Research shows that limiting gender-affirming medical care for young people can have a negative effect on their health.
Late last month, Texas lawmakers made a disturbing announcement that has been part of an ongoing wave of recent anti-LGBTQIA+ policies and proposed legislation in the United States.
Through an opinion released by Attorney General Ken Paxton and a letter from Texas Governor Greg Abbott to the Texas Department of Family and Protective Services, state politicians revealed a proposed policy that declared the act of offering gender-affirming medical care to transgender and nonbinary teenagers should be investigated as “child abuse.”
Medical providers as well as LGBTQIA+ activists and allies have decried this policy as not just transphobic but damaging to the well-being and safety of trans and nonbinary young people.
They assert that gender-affirming care isn’t child abuse. In fact, research has shown that it can save lives.
In his announcement, Abbott stated that those subject to being reported for “child abuse” would include nurses, teachers, and doctors. This guidance doesn’t “change Texas law,” and it’s currently unclear exactly how these orders would be enforced, reported The New York Times.
However, it appears some of these proposals are affecting people in the state.
This week, the American Civil Liberties Union (ACLU) filed a lawsuit on the behalf of a parent of a transgender child who was placed on leave from her position at the Texas Department of Family and Protective Services. An investigator from the department is currently seeking medical records tied to her child’s care, which the family has refused to turn over, reported The New York Times.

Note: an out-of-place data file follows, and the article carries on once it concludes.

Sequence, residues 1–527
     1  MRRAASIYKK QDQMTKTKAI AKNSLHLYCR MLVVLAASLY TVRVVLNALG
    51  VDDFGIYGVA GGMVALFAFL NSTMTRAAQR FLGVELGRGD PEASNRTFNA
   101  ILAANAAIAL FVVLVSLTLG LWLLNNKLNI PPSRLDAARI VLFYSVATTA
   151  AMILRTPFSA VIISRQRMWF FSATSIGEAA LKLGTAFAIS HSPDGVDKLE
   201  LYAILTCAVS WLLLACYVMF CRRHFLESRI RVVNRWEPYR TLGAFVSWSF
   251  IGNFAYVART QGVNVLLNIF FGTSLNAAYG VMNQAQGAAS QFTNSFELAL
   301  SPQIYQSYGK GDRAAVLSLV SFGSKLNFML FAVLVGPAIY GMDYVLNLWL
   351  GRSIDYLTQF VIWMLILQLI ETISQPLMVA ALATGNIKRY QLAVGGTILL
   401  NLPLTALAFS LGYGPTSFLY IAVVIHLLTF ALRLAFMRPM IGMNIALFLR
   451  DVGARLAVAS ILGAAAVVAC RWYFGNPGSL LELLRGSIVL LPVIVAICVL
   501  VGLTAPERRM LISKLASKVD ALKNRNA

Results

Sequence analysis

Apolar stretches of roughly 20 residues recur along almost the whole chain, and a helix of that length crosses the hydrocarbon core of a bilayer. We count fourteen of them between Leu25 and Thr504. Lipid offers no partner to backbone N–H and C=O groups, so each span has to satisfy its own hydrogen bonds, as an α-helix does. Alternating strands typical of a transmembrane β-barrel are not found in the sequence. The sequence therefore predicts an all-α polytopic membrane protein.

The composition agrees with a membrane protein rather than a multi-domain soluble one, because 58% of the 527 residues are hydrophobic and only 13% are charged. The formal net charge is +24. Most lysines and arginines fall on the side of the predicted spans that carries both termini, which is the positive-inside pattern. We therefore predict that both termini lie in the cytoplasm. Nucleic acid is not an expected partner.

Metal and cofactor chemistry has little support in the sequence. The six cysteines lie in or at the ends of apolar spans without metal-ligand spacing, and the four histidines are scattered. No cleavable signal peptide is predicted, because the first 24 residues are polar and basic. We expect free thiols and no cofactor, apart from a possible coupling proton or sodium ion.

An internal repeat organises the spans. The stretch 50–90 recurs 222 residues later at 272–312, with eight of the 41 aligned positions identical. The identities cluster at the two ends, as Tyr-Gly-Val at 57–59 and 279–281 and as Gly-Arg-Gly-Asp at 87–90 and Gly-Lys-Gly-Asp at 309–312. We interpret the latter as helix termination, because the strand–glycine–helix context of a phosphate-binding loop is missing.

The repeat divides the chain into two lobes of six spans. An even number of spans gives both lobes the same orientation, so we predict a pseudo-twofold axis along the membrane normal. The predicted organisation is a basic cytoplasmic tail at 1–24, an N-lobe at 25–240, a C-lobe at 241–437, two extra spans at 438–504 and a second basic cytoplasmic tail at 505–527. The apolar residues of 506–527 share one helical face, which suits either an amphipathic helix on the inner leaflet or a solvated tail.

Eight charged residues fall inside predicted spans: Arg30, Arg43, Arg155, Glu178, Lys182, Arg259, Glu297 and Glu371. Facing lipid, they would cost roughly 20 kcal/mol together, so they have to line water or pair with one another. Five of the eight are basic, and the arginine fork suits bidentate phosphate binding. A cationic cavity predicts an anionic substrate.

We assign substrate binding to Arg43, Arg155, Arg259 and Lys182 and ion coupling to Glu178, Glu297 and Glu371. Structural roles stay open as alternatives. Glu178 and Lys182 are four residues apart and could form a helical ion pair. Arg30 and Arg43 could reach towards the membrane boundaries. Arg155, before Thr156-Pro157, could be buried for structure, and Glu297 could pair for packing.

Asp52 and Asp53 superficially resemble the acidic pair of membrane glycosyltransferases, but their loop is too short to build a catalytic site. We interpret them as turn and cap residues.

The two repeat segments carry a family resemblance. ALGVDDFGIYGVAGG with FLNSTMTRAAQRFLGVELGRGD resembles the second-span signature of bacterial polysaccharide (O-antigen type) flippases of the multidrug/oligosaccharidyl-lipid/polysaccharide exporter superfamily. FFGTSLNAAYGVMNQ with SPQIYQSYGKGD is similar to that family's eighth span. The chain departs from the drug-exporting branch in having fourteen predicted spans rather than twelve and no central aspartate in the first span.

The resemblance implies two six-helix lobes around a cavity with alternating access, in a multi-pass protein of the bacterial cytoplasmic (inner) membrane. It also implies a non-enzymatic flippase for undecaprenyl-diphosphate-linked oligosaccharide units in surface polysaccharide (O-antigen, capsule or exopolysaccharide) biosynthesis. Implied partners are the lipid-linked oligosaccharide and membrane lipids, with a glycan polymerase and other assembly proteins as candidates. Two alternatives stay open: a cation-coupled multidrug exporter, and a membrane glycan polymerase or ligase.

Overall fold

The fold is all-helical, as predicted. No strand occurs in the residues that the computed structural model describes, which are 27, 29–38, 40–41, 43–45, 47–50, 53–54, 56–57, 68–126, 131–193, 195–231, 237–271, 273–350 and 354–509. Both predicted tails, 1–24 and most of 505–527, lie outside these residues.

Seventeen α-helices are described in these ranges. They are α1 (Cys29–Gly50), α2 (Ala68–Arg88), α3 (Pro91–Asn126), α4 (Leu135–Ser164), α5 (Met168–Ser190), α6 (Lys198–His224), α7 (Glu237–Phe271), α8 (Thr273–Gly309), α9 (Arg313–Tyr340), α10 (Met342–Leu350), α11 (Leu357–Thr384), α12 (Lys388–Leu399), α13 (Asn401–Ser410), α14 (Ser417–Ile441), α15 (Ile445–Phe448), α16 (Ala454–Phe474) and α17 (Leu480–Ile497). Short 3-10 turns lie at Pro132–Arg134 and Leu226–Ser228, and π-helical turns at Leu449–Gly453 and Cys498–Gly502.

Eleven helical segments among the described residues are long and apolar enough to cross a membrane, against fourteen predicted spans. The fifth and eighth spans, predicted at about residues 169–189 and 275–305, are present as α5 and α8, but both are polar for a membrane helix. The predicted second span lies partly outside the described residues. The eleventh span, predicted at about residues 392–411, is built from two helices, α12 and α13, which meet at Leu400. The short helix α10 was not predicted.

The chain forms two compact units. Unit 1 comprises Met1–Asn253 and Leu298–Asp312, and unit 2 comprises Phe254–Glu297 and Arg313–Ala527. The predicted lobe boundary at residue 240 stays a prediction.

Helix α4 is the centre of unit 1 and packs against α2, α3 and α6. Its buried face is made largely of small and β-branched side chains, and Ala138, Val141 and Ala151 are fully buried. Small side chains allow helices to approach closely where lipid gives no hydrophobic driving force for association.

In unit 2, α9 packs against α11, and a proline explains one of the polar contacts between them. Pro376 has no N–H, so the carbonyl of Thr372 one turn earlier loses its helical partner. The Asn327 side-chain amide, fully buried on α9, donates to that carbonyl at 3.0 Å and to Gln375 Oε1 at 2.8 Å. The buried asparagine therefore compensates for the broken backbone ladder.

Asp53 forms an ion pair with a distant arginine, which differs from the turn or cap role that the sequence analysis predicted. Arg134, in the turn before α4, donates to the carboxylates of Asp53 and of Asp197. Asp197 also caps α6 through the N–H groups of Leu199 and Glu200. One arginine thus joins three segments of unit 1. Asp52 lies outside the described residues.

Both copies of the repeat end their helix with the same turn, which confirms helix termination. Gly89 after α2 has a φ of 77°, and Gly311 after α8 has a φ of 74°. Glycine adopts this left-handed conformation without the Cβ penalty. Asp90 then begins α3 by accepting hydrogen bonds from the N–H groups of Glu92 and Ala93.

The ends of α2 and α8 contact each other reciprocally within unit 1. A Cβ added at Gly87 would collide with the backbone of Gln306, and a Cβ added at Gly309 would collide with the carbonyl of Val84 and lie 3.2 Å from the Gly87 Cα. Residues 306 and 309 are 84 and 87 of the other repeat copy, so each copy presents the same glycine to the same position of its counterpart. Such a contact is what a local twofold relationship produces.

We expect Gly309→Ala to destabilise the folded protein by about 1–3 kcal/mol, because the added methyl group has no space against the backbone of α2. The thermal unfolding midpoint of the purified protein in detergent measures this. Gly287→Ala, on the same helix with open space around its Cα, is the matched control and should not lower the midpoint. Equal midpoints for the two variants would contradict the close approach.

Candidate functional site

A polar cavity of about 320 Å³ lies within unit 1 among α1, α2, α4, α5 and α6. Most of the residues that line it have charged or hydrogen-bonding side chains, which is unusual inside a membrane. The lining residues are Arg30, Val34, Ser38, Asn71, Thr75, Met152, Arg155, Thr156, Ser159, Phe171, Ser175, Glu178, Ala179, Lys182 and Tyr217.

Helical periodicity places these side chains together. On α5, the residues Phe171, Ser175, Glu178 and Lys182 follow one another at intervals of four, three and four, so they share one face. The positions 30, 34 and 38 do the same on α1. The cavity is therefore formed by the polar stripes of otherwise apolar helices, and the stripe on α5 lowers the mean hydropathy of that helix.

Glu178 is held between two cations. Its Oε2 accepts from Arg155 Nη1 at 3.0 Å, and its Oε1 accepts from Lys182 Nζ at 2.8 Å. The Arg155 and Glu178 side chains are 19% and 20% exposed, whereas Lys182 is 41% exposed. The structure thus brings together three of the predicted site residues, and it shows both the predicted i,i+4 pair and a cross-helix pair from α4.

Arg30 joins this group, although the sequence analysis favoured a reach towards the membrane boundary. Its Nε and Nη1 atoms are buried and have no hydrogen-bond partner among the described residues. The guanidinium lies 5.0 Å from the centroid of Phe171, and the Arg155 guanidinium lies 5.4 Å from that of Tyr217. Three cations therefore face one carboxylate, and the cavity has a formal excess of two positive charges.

Recent research from The Trevor Project underscored just how crucial access to gender-affirming care can be for transgender and nonbinary youth.
The research released in December 2021 showed that trans and nonbinary youth under 18 who received gender-affirming hormone therapy (GAHT) had almost 40 percent lower odds of depression in the past year and close to 40 percent lower likelihood of suicide attempts, for example.
When asked about these new policies, Jonah DeChants, PhD, a research scientist at The Trevor Project, pointed to other research that has shown how greater national anti-LGBTQIA+ social and political conversations can harm young people and their mental and physical health.
“A recent poll conducted by Morning Consult on behalf of The Trevor Project found that 85 percent of transgender and nonbinary youth — and two-thirds of all LGBTQ youth (66 percent) — said recent debates about state laws restricting the rights of transgender people have negatively impacted their mental health,” DeChants told Healthline.
“It’s important to note that these bills, regardless of whether or not they become law, are already negatively impacting LGBTQ youth across the country — a group that faces disproportionate rates of bullying, depression, and suicide risk compared to their peers,” he added.
Dr. Jack Turban, a fellow in child and adolescent psychiatry at Stanford University School of Medicine where he researches the mental health of transgender youth, states that the
“Similarly, parents supporting a young person in their gender identity has been linked to lower rates of suicidality and mental health problems. Criminalizing love and acceptance is both absurd and incredibly dangerous,” Turban told Healthline.
“I’m hopeful Texas governor and attorney general will quickly correct course, given that
DeChants said that, while this opinion isn’t legally binding and doesn’t change or create any laws, anti-trans efforts throughout the nation “can cause fear and confusion and could deter a young person and their family from seeking the gender-affirming care they want.”
“However, our research emphasizes that we should be increasing access to gender-affirming care, not restricting it. A 2021 peer-reviewed study by The Trevor Project, published in the Journal of Adolescent Health, found that access to gender-affirming hormone therapy (GAHT) is significantly related to lower rates of depression, suicidal thoughts, and suicide attempts among transgender and nonbinary youth,” DeChants said, citing the research from earlier this winter.
“Specifically for young people under age 18, receiving GAHT was associated with nearly 40 percent lower odds of recent depression and of a past-year suicide attempt.”
Turban echoed those thoughts, adding that losing access to gender-affirming medical care “could cause serious mental health problems” as a result of worsening gender dysphoria.